Heimaklettur is the only Vestmannaeyjar peak with its own guestbook. The light on top also doubles as a beacon for incoming and outgoing regional planes.
Guestbook and airplane beacon at the top.
Ring of kletturs and harbour rocks
Don’t miss the hidden view behind the top! Beyond the guestbook, walk a little further down the slope on the other side. You’ll be greeted by a stunning view over the other kletturs, forming a beautiful circle of cliffs around the harbour.
On clear days you can see the main land with Eyjafjallajökull and Hekla in the distance, and the vast lava fields coughed up by Eldfell in 1973.
Ring of kletturs and lava fields panorama.
Candles on Heimaklettur
When the days grow shorter, candles are often placed on the slopes along the cliffside facing town. These candles are lit by dedicated locals who frequently go up to Heimaklettur – so people in town can enjoy some pretty lights blissfully shining during the darker days of the year.
It’s a quirky and enchanting Vestmannaeyjar tradition that has been going for over a decade. Some of the regulars even have their own ‘candle spot’ 😉
Candles light the way in the impending darkness.
Chrismas and New Year’s extravaganza
Usually you can spot one or two candles. But around Christmas and New Year it gets totally out of control, when Heimaklettur is decorated with a multitude of candles all over the upper slopes.
It’s an incredibly beautiful sight.
Christmas and New Year’s candles on Heimaklettur.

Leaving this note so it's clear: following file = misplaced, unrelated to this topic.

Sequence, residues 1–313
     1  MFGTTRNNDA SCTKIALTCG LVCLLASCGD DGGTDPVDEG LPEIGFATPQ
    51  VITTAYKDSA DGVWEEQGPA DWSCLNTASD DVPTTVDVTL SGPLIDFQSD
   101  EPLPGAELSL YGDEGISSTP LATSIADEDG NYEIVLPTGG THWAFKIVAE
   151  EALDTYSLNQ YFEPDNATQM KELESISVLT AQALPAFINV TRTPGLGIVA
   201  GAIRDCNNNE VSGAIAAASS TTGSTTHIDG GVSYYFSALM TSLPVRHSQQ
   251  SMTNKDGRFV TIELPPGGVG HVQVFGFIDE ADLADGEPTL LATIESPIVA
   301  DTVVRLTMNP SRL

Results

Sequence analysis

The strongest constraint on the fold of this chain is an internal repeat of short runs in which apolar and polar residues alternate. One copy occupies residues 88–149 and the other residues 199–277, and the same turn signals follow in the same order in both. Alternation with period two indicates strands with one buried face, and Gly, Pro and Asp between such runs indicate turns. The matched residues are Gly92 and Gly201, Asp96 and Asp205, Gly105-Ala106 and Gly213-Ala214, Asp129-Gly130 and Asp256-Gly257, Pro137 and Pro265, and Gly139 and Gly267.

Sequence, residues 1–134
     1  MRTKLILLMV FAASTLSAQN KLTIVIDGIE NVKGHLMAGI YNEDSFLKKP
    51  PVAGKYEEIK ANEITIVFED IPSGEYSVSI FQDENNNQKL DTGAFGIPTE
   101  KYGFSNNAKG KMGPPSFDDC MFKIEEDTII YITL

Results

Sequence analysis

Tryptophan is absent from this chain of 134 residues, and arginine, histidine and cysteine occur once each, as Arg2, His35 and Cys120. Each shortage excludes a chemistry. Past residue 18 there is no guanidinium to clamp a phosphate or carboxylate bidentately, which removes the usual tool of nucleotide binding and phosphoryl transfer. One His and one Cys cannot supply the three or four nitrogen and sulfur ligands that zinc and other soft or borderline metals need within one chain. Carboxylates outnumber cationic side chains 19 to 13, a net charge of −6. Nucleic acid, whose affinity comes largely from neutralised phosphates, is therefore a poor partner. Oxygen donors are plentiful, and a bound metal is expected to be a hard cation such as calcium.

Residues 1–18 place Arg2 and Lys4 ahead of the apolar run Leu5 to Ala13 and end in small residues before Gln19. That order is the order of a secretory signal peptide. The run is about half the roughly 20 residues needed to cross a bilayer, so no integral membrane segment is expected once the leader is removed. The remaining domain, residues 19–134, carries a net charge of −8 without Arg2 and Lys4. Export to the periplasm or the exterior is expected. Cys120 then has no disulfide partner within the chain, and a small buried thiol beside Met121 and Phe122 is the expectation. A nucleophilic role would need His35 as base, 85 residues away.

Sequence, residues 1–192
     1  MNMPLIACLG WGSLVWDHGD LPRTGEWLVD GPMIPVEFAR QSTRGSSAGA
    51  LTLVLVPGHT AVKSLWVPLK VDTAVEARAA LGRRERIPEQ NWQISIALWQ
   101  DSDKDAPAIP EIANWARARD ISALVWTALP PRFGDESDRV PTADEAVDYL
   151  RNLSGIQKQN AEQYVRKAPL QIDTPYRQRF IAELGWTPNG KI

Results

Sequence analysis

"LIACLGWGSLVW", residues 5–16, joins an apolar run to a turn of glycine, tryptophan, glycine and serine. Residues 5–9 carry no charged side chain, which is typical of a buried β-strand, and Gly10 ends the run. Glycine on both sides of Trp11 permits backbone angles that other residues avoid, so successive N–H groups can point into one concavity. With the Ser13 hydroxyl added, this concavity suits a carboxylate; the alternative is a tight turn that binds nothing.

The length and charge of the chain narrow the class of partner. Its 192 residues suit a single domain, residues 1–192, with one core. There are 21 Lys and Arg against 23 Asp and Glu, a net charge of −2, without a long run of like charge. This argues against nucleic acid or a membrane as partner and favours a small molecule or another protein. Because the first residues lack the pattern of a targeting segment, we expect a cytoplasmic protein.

Candles on mountains – A contagious Vestmannaeyjar tradition
It inspired me to become an avid candle lighter too. I took part in the New Years’ Eve candle lighting session in 2017, and went & lit candles on several other kletturs as well. I’m proud to contribute to this unique tradition ❤️
Kveikjum eldana! 🔥
This is one of the top-5 blog posts of 2017, and a reader’s favourite every year since.
I’ve added my own candles a couple of times too… 😉
Heimaklettur hiking map
This handy interactive map shows the walking route from Eiðið up to the top of Heimaklettur.
Note: the map is a bit distorted because of the steepness of Heimaklettur… You can see some details when you zoom in, but it doesn’t really show the finer details of the track itself. See the pictures further up in this post for that. But there’s only one way up and down Heimaklettur, so you won’t get lost.
Other tracks & hikes on Heimaey
If you’re up for another klettur, you can continue on to Klif – with the flat top and the beacon on the other side of Eiðið. Or go up behind Klif to the HáHá plateau, for the stunning ridge walk around Herjólfsdalur.
Not sure if Heimaklettur is the right track for you? There are plenty of other walking tracks around Heimaey. And not all of them involve ladders or ropes and chains 😉
Heimaey harbour and volcanoes in the background.
Where is Vestmannaeyjar?
Vestmannaeyjar is a volcanic chain of islands just off the south coast of Iceland, directly across from Eyjafjallajökull. They are also known as the Westman Islands. Heimaey may look tiny on the map, but there’s a lot of spectacular scenery densely compressed into its 13,4 square kilometres. The ferry to Heimaey departs from Landeyjahöfn and takes 35 minutes. You’ll see the turn-off to the harbour near Seljalandsfoss on the Ring Road.
(c) Nancy Claus – Wilderness Coffee & Natural High
You can read how to travel to Vestmannaeyjar in this article.
Looking towards Klif and Dalfjall across from Heimaklettur.
Do you have a question or a comment? Let me know in the comment box at the bottom of this page. Your input can also be valuable for other readers. Thank you for sharing. 💚
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Video – Midnight sun in Iceland
The sunset views from the top of Heimaklettur are absolutely magical. This is what the midnight sun looks like… Luminous clouds & pink skies throughout the night. It’s like fiery red & orange northern lights!